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Charles R. Hale, Director SRH 1.310, 2300 Red River Street D0800, Austin, TX 78712 • 512.471.5551

Spring 2004


Unique Days Time Location Instructor
36505 TTh
2:00 PM-3:30 PM
BUR 228

Course Description

This writing component course will examine the struggle for development in Latin America during the last century. In the first part of the course, we will examine critically some of the major theories of development. We will then assess how well these, and other, theories explain economic and political events in Latin America. Two basic questions will be addressed (1) Why have the economic policies of Latin American governments shifted dramatically over the course of the last century? (2) What have been the economic, social and political consequences of these shifting policies? This course entails weekly reading assignments, a mid-term examination, and a 20-25 page research paper written in two drafts. In addition, students will be expected to participate regularly in class discussion and to make regular presentations of the readings.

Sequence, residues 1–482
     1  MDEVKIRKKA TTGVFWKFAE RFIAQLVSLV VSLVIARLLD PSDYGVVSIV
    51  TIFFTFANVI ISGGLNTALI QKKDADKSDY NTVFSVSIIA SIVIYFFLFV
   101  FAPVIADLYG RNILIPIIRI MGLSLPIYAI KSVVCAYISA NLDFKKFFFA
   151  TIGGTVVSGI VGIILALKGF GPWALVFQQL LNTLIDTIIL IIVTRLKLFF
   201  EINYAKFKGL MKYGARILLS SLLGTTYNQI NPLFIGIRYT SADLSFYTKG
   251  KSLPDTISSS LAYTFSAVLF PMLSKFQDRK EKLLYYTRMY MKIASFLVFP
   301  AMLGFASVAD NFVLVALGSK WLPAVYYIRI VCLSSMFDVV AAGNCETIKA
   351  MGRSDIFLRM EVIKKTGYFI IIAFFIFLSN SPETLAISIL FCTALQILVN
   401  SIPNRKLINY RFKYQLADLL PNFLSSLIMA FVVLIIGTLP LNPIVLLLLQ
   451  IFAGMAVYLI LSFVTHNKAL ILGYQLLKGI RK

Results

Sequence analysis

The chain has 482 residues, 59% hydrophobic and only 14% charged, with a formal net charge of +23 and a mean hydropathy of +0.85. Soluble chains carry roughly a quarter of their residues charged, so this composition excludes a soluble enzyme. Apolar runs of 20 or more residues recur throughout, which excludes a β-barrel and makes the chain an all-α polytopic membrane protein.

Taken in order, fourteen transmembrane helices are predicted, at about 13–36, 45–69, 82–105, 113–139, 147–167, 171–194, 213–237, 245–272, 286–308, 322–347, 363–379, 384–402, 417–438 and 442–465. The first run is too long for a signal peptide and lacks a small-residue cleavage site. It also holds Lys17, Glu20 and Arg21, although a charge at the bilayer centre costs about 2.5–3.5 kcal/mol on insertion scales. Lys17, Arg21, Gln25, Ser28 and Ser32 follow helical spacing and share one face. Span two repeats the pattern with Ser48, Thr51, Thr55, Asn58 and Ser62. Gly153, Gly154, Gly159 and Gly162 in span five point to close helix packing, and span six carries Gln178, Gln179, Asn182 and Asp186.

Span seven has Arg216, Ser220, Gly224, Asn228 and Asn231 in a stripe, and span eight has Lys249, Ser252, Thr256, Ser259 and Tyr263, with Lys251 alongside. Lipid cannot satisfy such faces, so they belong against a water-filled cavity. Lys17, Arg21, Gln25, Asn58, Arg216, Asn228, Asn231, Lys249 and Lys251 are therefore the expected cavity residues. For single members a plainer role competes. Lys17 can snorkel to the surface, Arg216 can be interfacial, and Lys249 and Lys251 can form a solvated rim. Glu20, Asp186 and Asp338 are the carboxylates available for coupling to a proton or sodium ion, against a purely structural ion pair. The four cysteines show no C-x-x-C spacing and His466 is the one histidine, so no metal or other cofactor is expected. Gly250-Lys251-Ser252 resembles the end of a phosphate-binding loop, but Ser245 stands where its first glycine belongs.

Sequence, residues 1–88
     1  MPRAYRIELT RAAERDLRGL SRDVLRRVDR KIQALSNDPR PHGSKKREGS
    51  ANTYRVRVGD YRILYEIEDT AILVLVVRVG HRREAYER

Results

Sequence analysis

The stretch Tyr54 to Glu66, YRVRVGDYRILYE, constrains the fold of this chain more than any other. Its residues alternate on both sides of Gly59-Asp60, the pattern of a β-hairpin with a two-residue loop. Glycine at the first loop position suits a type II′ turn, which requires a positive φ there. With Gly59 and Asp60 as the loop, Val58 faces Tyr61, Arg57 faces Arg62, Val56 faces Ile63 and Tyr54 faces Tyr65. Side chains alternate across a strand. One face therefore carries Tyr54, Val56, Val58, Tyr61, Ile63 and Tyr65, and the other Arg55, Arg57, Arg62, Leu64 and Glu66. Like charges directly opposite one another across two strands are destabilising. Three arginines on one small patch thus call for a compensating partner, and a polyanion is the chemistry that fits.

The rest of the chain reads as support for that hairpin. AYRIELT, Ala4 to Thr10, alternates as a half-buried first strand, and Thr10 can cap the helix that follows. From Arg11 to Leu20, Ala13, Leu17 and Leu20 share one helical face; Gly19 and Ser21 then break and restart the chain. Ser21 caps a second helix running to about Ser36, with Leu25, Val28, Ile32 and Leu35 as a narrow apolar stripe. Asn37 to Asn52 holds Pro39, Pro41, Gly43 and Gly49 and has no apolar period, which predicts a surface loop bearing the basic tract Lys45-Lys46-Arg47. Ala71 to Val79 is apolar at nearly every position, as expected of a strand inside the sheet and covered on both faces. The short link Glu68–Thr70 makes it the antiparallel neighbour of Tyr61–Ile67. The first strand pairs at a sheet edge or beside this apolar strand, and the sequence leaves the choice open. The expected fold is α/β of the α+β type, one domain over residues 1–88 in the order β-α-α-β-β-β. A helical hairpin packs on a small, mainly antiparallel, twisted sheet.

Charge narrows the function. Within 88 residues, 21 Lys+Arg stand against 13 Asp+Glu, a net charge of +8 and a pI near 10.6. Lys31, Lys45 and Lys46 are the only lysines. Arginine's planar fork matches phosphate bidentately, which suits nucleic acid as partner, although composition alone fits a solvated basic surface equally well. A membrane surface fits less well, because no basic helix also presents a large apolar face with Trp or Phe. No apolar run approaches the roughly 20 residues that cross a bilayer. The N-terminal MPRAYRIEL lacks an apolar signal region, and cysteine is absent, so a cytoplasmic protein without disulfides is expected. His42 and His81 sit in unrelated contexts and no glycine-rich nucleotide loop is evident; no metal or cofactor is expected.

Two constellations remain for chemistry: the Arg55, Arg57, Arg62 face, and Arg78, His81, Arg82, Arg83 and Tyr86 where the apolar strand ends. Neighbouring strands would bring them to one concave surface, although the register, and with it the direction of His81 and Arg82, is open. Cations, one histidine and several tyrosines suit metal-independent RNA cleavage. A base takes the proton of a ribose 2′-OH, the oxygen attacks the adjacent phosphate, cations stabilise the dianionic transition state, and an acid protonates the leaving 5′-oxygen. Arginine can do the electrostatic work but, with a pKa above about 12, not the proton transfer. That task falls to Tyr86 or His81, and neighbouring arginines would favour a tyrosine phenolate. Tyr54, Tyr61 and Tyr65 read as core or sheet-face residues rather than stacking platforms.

Grading Policy

Class participation (10%) Oral presentation (10%) Mid-term examination (35%) First draft of paper (15%) Final draft of paper (30%).


Eliana Cardoso and Ann Helwege. Latin America's Economy: Diversity, Trends and Conflicts. Cambridge, Mass.: MIT Press, 1995. Inter-American Development Bank. Development Beyond Economics. Baltimore: Johns Hopkins University Press, 2000. Mitchell A. Seligson and John T. Passé-Smith, eds. Development and Underdevelopment Boulder: Lynne Rienner, 2003. 3rd Edition.


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